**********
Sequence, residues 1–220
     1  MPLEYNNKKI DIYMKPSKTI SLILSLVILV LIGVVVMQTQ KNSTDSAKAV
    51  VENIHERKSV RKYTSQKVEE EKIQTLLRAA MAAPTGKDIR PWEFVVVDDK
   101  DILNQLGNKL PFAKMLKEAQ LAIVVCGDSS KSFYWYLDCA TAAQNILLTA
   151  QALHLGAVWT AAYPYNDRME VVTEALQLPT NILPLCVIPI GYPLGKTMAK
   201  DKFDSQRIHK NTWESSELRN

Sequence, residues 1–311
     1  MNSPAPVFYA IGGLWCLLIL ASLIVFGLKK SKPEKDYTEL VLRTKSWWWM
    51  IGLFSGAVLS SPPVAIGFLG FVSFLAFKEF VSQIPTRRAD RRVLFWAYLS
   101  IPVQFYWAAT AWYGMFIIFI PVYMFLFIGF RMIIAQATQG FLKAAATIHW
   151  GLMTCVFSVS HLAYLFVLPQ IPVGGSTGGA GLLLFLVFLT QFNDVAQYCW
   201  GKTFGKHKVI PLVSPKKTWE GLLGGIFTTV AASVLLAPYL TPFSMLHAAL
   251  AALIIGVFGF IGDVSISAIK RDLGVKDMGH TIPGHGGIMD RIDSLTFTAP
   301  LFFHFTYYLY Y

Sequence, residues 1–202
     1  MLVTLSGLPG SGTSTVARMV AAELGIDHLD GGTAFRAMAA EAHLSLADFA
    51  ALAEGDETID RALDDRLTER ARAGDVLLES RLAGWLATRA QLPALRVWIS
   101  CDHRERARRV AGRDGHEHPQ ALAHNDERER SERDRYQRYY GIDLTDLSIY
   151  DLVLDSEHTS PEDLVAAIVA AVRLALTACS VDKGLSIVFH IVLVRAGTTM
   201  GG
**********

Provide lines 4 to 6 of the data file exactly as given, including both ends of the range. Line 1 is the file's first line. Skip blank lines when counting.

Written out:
   101  DILNQLGNKL PFAKMLKEAQ LAIVVCGDSS KSFYWYLDCA TAAQNILLTA
   151  QALHLGAVWT AAYPYNDRME VVTEALQLPT NILPLCVIPI GYPLGKTMAK
   201  DKFDSQRIHK NTWESSELRN